“If he wanted us he would have signaled us. If he don’t want us it’s none of our business. Down here everybody aims to mind their own business.”
“All right. Suppose you mind yours then. Take us over to that boat.”
It’s Hemingway at his hard-boiled best. It’s a tough and ready rum-runner named Harry, who smuggles booze and criminals between Cuba and the Florida Keys during the darkest days (and nights ) of the depression. It’s just a tropical storm away from Katherine Anne Porter’s Ship of Fools.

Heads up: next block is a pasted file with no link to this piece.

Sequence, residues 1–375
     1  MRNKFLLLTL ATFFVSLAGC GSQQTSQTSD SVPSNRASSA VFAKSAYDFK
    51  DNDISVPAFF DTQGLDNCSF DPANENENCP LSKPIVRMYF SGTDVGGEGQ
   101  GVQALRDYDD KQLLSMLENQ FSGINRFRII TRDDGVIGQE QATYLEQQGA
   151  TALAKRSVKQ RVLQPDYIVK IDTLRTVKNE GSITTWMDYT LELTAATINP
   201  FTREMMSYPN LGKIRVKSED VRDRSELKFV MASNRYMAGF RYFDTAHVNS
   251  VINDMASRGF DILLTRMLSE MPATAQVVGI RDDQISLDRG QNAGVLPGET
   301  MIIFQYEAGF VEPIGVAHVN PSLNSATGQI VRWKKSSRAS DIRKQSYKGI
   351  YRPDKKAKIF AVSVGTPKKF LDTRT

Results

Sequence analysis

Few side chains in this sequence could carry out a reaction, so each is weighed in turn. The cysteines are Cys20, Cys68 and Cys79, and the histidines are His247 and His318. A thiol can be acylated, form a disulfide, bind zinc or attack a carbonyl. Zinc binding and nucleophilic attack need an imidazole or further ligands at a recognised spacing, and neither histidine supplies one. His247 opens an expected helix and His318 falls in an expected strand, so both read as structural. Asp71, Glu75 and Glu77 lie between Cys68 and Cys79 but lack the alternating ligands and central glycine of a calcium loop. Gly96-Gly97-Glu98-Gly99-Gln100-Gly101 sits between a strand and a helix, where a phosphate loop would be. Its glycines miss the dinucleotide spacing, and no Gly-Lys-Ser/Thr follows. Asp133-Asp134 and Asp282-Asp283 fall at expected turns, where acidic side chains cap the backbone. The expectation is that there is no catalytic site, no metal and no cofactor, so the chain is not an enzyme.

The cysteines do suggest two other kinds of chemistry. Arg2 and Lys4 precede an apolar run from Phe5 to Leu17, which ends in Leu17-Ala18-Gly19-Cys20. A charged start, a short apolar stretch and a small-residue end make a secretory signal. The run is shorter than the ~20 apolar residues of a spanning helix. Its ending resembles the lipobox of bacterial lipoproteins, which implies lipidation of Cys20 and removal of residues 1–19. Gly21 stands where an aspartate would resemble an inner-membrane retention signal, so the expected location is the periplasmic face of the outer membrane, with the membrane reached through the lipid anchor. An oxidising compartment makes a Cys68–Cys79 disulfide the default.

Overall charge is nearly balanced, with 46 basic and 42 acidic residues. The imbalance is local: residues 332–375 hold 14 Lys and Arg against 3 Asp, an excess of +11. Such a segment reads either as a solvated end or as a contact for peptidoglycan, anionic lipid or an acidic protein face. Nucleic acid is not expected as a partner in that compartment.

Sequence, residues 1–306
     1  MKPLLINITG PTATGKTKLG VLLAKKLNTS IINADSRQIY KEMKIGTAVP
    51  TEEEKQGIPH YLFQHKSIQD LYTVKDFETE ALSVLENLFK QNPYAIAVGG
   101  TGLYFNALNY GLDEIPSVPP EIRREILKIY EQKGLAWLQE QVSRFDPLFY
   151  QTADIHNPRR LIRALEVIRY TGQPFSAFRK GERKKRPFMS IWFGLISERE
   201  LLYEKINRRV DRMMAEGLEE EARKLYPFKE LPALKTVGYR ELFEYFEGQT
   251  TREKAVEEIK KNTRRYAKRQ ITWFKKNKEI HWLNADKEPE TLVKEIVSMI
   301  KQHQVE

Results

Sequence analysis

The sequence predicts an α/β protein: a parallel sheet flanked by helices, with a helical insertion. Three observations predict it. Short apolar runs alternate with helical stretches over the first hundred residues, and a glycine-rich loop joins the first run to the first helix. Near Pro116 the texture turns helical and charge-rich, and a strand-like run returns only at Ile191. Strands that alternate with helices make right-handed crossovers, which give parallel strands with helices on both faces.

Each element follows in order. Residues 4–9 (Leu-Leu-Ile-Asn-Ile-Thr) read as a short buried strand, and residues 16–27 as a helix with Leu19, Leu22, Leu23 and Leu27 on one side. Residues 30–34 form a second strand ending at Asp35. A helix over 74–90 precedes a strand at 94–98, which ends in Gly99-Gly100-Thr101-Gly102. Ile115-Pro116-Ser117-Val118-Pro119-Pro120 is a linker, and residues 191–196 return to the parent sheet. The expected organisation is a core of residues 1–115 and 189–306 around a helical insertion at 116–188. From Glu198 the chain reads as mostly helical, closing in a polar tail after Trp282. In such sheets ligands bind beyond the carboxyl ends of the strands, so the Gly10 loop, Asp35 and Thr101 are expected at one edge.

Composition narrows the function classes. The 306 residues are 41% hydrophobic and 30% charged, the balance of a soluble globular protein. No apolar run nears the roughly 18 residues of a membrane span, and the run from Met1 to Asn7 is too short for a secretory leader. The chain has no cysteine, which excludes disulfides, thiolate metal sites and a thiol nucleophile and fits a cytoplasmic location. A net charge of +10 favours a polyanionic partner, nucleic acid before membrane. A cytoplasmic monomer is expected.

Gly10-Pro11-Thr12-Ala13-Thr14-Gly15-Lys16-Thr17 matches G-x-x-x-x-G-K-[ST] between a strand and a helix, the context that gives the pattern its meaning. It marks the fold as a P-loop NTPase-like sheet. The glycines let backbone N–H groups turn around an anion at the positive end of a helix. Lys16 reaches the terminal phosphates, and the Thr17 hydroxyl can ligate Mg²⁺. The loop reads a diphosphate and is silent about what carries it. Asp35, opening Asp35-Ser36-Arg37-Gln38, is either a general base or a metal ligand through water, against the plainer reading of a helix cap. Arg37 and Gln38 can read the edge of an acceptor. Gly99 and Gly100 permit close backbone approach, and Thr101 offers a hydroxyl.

And, using post-modernist devices like shifting narration between characters and then into third person, Hemingway nails down the misery, the desperation, that the Great Depression left in its wake. He adds a final section to this short novel, providing stark social commentary through several characters who have little or no connection to the main story line. But, though the book’s structure may be flawed, “Papa” Ernie’s insight into the suffering and cruelty of the times is right on course.